The feed section 3 is fluidized by a plurality of fluid distributor pipes 10, arranged as shown for manufacturing convenience. adjacent the floor of the channel 1. The pipes 10 are fed with a suitable fluidizing medium such as steam. Flue gas. carboniser gas. natural gas or any other substantially non-oxidising gas may alternatively be used. The temperature of the steam is not important because its heat content is small compared to the carrier but its temperature should be above the dew point to prevent condensation problems. The average bed temperature in the feed section is of the order of 250 to 700C depending on the coal and/or binder used in the compacts. The lower and upper temperature limits are not critical.

The treatment section 4 extends between the baffle 6 and a baffle 11 extending from the floor of the channel 1 to such a height as to slightly arrest the flow of carrier and compacts into the discharge section 5. A grating 14 extends between the end wall of the channel 1 in the feed section to the baffle l1 and defines the effective treatment depth of the bed of carrier. The treatment section 4 is fluidized by a plurality of fluid distributor pipes 12 arranged across the floor of the channel 1. The

4 pipes 12 are arranged in groups which are divided by baffles 13 extending from the floor to the height of the grating 14 which baffles prevent horizontal transport of the carrier below the grating 14. The groups of pipes 12 are related to the carrier transfer means as will be described further below.

The overall depth of the bed in the treatment sect on 4 is about 1.5 to 2.1 metres. the depth of the effective treatment section being about 0.6 to 0.9 metres.

The discharge section 5 extends between the baffle II and an end wall 15 defining a weir over which the compacts and a small proportion of the carrier. say one part by weight of campacts to three parts by weight of carrier. are discharged to a separating section (described below). For this purpose the weir 15 is lower than the height of the bed in the treatment section 4. The discharge section 5 is fluidised by fluid distributor pipes [6 arranged across the floor of the channel 1 in a similar manner to pipes 12.

The separating section (FIG. 5) following the weir 15 comprises a grate 17 extending from the weir 15 to the mouth 18 of a shaft furnace adapted to further treat the compacts. The shaft furnace may be of any suitable type capable of further carbonising the compacts. if required. As the carrier and compacts flow over the weir 15 during the fluidized periods of section 5, the carrier passes through the grate into a collection chute 19 while the compacts proceed down the grate and into the mouth of the furnace. The carrier collected in the chute I9 is returned to the feed section through a pneumatic transfer line 20 connected to make-up inlet 8. Two fluid distrubutor members 21 are positioned adjacent the outlet of the chute 19 to fluidize the carrier at this point and ensure smooth flow.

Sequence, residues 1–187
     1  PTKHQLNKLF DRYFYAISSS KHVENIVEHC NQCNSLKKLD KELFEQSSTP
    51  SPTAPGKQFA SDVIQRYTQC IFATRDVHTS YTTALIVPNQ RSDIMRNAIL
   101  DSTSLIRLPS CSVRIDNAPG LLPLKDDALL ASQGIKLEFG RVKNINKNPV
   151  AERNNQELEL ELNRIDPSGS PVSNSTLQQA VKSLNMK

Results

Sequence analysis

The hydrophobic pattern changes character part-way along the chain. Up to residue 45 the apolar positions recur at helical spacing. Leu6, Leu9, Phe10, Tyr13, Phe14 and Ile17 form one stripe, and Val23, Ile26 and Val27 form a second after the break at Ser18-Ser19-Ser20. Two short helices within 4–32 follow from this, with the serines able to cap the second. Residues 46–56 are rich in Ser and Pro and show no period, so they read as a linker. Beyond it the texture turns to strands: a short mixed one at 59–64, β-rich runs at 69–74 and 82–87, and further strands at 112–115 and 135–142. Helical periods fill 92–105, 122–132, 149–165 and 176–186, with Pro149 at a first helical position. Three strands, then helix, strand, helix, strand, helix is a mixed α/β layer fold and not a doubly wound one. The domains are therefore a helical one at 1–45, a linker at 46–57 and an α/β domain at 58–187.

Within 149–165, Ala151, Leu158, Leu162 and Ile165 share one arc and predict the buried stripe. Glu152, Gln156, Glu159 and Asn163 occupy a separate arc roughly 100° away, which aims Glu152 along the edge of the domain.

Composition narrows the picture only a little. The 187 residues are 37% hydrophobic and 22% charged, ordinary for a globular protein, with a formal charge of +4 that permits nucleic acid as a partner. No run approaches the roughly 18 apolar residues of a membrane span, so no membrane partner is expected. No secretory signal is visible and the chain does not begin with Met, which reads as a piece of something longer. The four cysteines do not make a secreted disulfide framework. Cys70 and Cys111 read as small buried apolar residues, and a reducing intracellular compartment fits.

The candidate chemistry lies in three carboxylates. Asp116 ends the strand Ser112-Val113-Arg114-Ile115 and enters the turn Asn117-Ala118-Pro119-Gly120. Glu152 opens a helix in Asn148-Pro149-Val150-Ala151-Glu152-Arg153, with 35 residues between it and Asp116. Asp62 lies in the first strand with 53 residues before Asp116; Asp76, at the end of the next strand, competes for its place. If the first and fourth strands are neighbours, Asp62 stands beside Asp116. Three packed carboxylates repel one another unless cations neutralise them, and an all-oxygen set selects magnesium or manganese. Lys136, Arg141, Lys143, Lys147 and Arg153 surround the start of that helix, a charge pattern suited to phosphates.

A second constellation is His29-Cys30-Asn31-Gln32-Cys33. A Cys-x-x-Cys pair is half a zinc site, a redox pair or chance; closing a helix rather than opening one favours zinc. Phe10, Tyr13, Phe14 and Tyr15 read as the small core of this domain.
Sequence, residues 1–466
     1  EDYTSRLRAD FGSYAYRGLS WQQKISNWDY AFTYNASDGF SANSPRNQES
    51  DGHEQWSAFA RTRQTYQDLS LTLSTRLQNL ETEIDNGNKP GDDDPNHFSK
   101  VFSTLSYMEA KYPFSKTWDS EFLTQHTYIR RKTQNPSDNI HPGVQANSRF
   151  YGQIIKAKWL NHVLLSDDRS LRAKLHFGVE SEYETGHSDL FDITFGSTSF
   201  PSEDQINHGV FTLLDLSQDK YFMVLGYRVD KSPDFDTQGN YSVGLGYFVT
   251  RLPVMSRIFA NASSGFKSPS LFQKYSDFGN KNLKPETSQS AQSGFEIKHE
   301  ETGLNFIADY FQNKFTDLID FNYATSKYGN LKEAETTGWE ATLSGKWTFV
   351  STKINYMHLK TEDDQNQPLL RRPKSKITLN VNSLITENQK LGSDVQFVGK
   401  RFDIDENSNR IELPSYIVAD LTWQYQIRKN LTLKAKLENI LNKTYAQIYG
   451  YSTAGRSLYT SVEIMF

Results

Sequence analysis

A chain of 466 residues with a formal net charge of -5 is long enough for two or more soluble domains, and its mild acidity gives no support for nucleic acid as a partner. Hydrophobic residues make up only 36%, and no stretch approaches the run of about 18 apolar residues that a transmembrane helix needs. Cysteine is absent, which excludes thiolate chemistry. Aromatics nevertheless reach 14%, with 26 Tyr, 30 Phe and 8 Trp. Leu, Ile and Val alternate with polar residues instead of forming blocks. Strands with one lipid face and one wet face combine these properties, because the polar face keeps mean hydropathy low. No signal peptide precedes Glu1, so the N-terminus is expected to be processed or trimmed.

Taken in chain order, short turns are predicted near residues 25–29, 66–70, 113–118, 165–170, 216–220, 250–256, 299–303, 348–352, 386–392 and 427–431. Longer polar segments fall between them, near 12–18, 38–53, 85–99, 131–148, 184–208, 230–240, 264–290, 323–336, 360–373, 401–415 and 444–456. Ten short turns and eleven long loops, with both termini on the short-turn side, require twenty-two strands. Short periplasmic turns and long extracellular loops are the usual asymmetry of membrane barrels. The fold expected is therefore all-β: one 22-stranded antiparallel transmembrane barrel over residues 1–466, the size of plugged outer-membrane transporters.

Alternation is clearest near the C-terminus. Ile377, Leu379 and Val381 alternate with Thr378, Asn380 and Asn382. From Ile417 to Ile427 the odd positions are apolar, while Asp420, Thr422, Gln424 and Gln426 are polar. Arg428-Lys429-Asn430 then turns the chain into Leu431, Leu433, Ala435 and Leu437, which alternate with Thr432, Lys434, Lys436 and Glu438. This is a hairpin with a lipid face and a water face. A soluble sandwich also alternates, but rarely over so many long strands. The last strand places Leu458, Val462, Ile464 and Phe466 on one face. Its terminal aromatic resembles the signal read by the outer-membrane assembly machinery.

The gas issuing from the mouth 18 of the shaft furnace is divided into two streams A and B by the back pressure. stream A passing into the treatment channel I. The second stream B passes through the lower part of grate I7 blowing carrier off the compacts and a small proportion passes up through the grate to loosen the carrier and compacts while some carrier is blown back into the channel 1.

Referring now to FIGS. 2 to 4 of the drawings, the

means for tranferring the carrier from channel I to reheater 2 will now be described in detail. As will be clear from FIG. 2 the various transfer means divide the channel 1 from the reheater and comprise a plurality of carrier downcomers 22 and a plurality of downcomer-lifters 23 alternating with the downcomers 22 in the treatment section 4. The carrier in reheater 2 is heated by fluidized bed combustion to a temperature of about 650C to 900C. depending on the temperature required in the channel I. Fluidization of the carrier in the reheater is achieved by fluid, such as preheated air. introduced by distributor pipes 24, near the floor of the reheater 2. and pipes 25 about halfway up the bed in the reheater 2.

Two sources of fuel may be used for the fluidised bed combustion; (i) coal debris from the compacts which is introduced with sand from the carboniser,(ii) fuel gas which is introduced through distributors 24 and/or 25 to supply the balance of the heat required above that supplied by the debris. The use of carboniser gas is preferred although other gases such as LPG or natural gas can of course be used.

Good burning efficiency is possible under these conditions even when operating with small excess of air.

In an alternative arrangement not shown, external burners, supplied with fuel and air. discharge products of combustion through a flue immersed in the bed.

The burners may be used only during starting up to raise the temperature of the bed above the ignition temperature of the fuel gas discharged through distributors.

Referring now to FIGS. 2 and 3, the carrier downcomers 22 comprise vertically extending rectangular section tubes 26 arranged between the floor (common) of the channel I and reheater 2 to the roof (common) of the channel and reheater. Each pipe 26 has an upper opening 27 in the wall thereof facing the reheater 2 and a lower opening 28, adjacent the floor. and below the grating 14 in the wall thereof facing the channel i. It will be seen from FIG. 2 that the distributors 24 are ar' ranged in groups of three in alignment with the downcomers 22 and their tips extend into the tubes 26 below the level of the opening 28. Thus. the carrier in the downcomer is completely fluidized at all times. Alternatively, separate fluidisers can be used for the downcomers 22 and these are activated at the same time as fluidisers 12 or for part of that period.